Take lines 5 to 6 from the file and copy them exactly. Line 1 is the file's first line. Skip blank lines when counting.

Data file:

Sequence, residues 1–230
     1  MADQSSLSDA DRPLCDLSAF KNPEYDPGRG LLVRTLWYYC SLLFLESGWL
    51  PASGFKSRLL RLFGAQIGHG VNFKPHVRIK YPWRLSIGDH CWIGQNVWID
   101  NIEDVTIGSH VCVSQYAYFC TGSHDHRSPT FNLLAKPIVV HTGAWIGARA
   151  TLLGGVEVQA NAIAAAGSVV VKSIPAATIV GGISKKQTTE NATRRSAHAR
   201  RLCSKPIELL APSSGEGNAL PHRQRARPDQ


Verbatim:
   151  TLLGGVEVQA NAIAAAGSVV VKSIPAATIV GGISKKQTTE NATRRSAHAR
   201  RLCSKPIELL APSSGEGNAL PHRQRARPDQ